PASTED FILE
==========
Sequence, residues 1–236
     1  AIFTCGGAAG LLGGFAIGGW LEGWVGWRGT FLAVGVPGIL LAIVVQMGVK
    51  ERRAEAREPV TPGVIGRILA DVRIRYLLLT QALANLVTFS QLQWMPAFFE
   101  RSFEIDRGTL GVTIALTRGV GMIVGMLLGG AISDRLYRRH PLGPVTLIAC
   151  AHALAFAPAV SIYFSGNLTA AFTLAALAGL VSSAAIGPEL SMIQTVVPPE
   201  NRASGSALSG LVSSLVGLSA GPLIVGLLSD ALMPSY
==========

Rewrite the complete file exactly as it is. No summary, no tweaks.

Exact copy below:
Sequence, residues 1–236
     1  AIFTCGGAAG LLGGFAIGGW LEGWVGWRGT FLAVGVPGIL LAIVVQMGVK
    51  ERRAEAREPV TPGVIGRILA DVRIRYLLLT QALANLVTFS QLQWMPAFFE
   101  RSFEIDRGTL GVTIALTRGV GMIVGMLLGG AISDRLYRRH PLGPVTLIAC
   151  AHALAFAPAV SIYFSGNLTA AFTLAALAGL VSSAAIGPEL SMIQTVVPPE
   201  NRASGSALSG LVSSLVGLSA GPLIVGLLSD ALMPSY